I am a professional because I am personal.

Fredrik Eklund, NY realtor described how his company wanted him to use a corporate profile for his social media interactions. Fredrik declined this, claiming that his success is based on his personality. He later became the highest selling realtor in the US! This stuck with me for years.


Most people know how they work and their process and extend that into their freelancing journey. Me? I choose to give my clients an agency-like delivery (or above) with a personal touch. Clients never have to worry about someone else taking over their account and over the years, we learn to work in the most optimal way. This different relationship approach is appealing to clients when I am running against agencies who are more traditional. So speaking of clients…


One thing that most people heading into freelancing ask me about is getting clients. Clients are central to your success and we all want to remain in business.

Paying clients are the ones who put food on your table. Without them, it’s not a business you’re running, it’s a hobby.

The truth is, there are a million different ways to get clients. As a freelancer, you have the freedom to find clients in the way most comfortable for you. Some prefer going to networking events, others prefer to use their contacts, and some happily find their’s in online marketing. Once you find them, the journey is just the beginning.

Too many companies fail when it comes to retaining their clients. They deserve your care and attention even between projects. For instance, most companies offer new clients free trials or discounts, but don’t continue to offer any great values to past clients. Don’t be like these companies. Play the long game.

That said, there’s one thing we should get out of the way.
Money comes from work and vice versa.

A lot of companies will try to persuade you with promises of “more work on the horizon”, but in my experience, that can put you in a vicious loop. Working to become eligible for more work isn’t fair or honest. If you don’t respect the work you do and put value in it, don’t expect anyone else to.

Pricing work

Being small and independent you also have the option of choosing pricing strategies that work for you. And you can even change along the way! Here are a couple of the different pricing options I use:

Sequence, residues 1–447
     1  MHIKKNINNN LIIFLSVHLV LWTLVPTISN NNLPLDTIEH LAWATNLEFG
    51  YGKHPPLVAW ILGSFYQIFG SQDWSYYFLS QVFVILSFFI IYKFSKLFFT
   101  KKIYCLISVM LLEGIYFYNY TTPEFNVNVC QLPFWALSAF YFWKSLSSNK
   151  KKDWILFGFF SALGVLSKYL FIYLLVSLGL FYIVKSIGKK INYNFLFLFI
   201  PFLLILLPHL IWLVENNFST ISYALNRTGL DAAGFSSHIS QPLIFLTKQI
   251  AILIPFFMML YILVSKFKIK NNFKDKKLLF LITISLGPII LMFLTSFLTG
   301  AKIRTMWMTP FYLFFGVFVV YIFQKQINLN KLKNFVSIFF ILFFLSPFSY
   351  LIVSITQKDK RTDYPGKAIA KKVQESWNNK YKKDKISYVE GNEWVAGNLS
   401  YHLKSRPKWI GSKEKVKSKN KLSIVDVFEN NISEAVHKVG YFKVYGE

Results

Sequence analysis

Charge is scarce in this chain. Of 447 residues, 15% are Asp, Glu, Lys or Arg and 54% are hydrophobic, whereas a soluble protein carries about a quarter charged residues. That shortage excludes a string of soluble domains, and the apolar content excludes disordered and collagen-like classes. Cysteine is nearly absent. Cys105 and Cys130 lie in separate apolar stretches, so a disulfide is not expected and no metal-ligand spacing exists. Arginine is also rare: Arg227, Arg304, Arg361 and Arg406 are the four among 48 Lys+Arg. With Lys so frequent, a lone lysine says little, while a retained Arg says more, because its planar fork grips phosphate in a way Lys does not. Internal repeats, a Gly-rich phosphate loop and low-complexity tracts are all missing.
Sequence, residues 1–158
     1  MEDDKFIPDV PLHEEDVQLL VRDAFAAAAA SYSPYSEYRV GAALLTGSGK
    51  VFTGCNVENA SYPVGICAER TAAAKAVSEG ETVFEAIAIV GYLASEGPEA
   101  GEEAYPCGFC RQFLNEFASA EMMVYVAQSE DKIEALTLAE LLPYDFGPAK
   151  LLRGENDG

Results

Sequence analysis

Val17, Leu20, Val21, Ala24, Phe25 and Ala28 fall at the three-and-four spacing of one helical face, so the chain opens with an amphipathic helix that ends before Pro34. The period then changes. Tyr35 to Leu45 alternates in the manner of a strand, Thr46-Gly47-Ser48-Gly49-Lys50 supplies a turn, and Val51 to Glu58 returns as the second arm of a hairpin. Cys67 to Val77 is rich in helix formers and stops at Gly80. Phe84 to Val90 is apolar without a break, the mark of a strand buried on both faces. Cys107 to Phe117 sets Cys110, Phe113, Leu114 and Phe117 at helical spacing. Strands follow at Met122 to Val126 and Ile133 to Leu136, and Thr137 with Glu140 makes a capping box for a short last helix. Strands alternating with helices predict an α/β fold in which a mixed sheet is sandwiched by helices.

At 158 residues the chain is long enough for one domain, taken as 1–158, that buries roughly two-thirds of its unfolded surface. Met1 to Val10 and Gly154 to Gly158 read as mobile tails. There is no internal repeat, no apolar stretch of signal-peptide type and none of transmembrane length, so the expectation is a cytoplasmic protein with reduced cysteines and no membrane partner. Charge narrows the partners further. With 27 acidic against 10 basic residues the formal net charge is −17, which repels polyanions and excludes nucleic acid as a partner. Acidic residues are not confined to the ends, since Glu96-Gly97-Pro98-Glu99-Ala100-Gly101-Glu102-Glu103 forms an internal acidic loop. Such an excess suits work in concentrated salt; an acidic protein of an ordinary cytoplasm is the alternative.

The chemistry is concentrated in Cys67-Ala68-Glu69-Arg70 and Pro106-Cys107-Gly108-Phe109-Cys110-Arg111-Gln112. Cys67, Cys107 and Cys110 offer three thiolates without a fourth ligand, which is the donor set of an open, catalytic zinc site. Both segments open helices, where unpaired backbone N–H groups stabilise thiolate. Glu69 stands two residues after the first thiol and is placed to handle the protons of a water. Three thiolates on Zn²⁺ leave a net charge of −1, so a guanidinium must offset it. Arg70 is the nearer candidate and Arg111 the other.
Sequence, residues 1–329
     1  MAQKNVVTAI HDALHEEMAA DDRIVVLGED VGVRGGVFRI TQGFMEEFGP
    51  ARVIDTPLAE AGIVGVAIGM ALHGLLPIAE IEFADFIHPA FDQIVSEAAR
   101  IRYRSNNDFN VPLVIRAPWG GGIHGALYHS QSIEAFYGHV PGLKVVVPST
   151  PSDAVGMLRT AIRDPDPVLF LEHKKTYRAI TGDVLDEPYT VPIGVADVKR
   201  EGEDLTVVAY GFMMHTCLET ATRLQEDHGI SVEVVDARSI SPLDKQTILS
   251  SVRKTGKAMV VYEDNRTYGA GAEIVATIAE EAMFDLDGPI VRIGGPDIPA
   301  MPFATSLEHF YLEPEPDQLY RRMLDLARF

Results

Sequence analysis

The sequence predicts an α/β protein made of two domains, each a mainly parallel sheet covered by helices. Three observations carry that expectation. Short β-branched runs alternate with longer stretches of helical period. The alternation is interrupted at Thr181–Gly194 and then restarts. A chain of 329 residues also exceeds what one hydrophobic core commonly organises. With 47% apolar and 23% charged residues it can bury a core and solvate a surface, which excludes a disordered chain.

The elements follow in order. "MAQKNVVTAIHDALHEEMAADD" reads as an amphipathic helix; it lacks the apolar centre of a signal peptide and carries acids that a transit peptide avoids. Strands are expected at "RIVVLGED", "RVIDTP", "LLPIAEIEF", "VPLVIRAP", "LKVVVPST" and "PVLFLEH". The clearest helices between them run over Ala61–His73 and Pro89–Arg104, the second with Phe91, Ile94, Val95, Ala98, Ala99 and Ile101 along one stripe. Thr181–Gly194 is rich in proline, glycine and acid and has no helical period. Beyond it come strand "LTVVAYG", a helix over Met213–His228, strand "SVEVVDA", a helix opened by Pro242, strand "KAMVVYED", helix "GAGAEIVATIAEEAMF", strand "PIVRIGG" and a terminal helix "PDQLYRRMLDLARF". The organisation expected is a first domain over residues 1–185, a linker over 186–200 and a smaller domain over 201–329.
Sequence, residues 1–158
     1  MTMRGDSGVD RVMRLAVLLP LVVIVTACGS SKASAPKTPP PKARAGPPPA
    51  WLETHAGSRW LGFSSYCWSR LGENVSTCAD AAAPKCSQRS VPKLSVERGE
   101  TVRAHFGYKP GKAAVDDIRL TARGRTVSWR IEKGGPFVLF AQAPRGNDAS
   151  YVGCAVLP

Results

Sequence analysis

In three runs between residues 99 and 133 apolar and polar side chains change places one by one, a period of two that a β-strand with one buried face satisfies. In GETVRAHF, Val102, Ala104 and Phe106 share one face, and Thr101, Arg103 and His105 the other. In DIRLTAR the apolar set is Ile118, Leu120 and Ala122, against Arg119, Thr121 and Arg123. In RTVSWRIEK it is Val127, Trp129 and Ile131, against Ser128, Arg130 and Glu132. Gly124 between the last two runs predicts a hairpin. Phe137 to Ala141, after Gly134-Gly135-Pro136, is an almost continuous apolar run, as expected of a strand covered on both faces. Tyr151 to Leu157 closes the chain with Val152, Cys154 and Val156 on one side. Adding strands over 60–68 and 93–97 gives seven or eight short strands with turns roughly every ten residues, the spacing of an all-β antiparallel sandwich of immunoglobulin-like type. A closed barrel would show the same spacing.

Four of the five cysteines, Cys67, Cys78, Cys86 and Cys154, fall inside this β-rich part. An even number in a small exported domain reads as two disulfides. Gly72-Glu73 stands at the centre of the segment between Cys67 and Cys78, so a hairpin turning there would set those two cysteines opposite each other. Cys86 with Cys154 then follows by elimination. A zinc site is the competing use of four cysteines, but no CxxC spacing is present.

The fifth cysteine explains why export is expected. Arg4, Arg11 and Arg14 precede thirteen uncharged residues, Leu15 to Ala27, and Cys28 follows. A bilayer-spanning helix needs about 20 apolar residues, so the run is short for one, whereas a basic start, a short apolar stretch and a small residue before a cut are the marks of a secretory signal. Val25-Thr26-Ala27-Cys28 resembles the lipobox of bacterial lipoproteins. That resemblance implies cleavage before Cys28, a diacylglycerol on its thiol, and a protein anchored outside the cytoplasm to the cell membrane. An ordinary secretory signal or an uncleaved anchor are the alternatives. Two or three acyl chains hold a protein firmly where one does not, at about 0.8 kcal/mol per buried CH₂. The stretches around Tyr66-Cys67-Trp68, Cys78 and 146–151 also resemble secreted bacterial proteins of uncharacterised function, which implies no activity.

• Hourly rates - some clients prefer this because it’s easy for them to compare to others. I dislike it because it punishes me for being a fast worker. Use with caution.
  • Value based - this is my favorite, but a little complicated for small projects (or ongoing work).
  • Retainers - this is great for securing up income over longer periods of time.

Use a mix and test different strategies!


Very few people take the time to really understand what their live goals are and how their style of work can play into this. Why do they design homepages? Because it pays the bills or is it something more? Without a destination, it’s unlikely you’ll end up there any time soon. A freelancing career allows you to ask yourself questions like these:

  • Do you want to spend more time with your family?
  • Have more control over your time?
  • Earn more?
  • Work less?
  • Travel?
  • Work from anywhere?
  • Be your own boss (this isn’t always as fun as it might sound)

I first tried freelancing in 2004 without a plan. I had no idea why I would freelance, so naturally I failed miserably. I ended up taking a full time offer at the first agency I tried to freelance with. I failed because I didn’t understand my WHY.

Years later, I realized that I want to define my own rules of working. I want to challenge the idea that more employees equals a more successful company. I want to get paid for the work I’m doing rather than 40 hours per week regardless of how much I work. I don’t work just for a paycheck anymore. I work to provide value for others and meaning for myself.

So here’s my final secret for you;
find happiness, then success.

It’s impossible to even enjoy your success if you are looking through an unhappy lens. Once you find your happiness (purpose, meaning, inspiration, value), success will follow.

If you've read all the way down here and enjoyed this post - odds are that you'll enjoy Mastering Freelance - my book with everything I've learnt while freelancing. It has a free email course too!

It’s honest, authentic, and accessible.